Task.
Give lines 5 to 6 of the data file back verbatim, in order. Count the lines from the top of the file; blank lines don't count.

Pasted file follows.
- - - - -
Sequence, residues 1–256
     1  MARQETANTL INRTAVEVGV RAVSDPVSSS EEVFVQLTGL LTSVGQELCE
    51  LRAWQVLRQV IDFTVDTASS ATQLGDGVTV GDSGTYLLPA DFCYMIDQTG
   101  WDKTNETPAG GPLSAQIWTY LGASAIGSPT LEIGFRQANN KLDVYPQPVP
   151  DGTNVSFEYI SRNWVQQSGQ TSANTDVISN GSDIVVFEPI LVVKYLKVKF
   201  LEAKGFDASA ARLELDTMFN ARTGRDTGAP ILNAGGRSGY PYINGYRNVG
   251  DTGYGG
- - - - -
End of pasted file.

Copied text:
   151  DGTNVSFEYI SRNWVQQSGQ TSANTDVISN GSDIVVFEPI LVVKYLKVKF
   201  LEAKGFDASA ARLELDTMFN ARTGRDTGAP ILNAGGRSGY PYINGYRNVG